Saturday, April 19, 2008
Mark Lawson discusses offensive language and its regulation on the British airwaves in this piece for the Guardian. Here's an excerpt.
You might think that, at the moment, the television regulator Ofcom doesn't know whether it's coming or going on the question of whether it's permissible to speak on TV the slang words for, well, coming and going. This week it turned down complaints about the use of the F-word in The Catherine Tate Christmas Special, but, a few days earlier, had forced the BBC to make a long on-screen apology for sexual and scatological language during the Live Earth concerts.
There are other confusions. Strikingly, in refusing the Catherine Tate complaints, the watchdog ruled that words are no more offensive on Christmas Day than on any other date, a refutation of the traditional television view that swearing on Good Friday was worse than on October 5.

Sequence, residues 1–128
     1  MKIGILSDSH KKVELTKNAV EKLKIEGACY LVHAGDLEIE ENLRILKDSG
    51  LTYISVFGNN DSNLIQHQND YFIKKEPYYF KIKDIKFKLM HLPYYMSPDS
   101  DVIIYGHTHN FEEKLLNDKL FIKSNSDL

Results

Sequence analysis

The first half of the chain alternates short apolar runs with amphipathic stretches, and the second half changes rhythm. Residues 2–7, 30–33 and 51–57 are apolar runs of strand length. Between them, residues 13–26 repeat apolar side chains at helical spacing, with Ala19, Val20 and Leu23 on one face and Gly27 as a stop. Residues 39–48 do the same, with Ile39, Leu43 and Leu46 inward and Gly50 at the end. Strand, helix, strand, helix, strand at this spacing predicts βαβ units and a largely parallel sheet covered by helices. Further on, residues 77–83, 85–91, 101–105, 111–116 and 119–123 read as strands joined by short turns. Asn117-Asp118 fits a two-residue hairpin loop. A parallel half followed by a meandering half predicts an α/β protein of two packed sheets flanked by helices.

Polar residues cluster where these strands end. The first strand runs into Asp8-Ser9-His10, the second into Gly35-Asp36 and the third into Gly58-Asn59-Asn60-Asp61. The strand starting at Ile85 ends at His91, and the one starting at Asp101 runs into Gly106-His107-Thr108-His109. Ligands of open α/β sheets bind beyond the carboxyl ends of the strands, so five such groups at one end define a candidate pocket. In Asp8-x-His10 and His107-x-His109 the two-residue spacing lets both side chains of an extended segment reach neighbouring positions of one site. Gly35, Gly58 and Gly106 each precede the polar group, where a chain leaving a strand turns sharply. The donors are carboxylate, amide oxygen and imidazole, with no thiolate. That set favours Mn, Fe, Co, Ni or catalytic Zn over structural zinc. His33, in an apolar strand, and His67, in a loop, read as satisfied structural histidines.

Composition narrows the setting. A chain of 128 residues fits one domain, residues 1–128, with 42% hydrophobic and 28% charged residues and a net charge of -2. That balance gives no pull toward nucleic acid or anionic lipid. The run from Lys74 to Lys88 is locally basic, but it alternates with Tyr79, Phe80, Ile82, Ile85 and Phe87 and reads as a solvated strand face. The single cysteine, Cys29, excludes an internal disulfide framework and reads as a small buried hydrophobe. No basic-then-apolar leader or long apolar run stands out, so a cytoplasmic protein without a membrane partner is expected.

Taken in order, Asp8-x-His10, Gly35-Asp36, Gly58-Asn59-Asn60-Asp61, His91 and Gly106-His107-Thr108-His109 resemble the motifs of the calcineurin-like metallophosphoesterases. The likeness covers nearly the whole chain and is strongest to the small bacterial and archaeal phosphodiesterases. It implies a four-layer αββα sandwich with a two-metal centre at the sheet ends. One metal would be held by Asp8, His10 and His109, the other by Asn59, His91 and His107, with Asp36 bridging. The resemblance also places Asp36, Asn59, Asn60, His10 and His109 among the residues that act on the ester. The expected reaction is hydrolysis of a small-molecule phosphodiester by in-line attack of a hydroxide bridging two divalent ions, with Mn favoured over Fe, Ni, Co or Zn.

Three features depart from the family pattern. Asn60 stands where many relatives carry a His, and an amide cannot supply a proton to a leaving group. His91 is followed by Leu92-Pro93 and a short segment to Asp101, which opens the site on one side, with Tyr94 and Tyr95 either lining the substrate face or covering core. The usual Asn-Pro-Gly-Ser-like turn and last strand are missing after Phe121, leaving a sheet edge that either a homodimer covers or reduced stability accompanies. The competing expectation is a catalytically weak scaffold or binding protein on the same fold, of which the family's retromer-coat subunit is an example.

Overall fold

And yet, paradoxically, time of day does still seem to matter. The severe sanctions against Live Earth seem to have resulted from the fact that it was transmitted largely before the notional children's bedtime - "the watershed" - of 9pm. And much of the sensitivity over what can come out of mouths on television results from the assumed risk of corrupting innocence.